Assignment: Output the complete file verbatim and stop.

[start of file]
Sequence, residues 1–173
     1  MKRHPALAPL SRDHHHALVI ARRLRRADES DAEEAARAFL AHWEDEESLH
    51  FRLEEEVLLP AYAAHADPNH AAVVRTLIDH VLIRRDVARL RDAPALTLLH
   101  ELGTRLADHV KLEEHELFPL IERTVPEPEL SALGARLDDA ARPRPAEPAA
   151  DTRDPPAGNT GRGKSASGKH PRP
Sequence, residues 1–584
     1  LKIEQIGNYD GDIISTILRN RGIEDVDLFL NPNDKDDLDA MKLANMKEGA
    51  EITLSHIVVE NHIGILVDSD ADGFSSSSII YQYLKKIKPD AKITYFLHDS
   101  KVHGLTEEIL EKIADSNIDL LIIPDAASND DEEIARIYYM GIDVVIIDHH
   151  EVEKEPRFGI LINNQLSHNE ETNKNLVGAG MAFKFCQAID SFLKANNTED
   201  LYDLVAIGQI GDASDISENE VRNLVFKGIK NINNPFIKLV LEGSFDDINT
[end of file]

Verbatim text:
Sequence, residues 1–173
     1  MKRHPALAPL SRDHHHALVI ARRLRRADES DAEEAARAFL AHWEDEESLH
    51  FRLEEEVLLP AYAAHADPNH AAVVRTLIDH VLIRRDVARL RDAPALTLLH
   101  ELGTRLADHV KLEEHELFPL IERTVPEPEL SALGARLDDA ARPRPAEPAA
   151  DTRDPPAGNT GRGKSASGKH PRP
Sequence, residues 1–584
     1  LKIEQIGNYD GDIISTILRN RGIEDVDLFL NPNDKDDLDA MKLANMKEGA
    51  EITLSHIVVE NHIGILVDSD ADGFSSSSII YQYLKKIKPD AKITYFLHDS
   101  KVHGLTEEIL EKIADSNIDL LIIPDAASND DEEIARIYYM GIDVVIIDHH
   151  EVEKEPRFGI LINNQLSHNE ETNKNLVGAG MAFKFCQAID SFLKANNTED
   201  LYDLVAIGQI GDASDISENE VRNLVFKGIK NINNPFIKLV LEGSFDDINT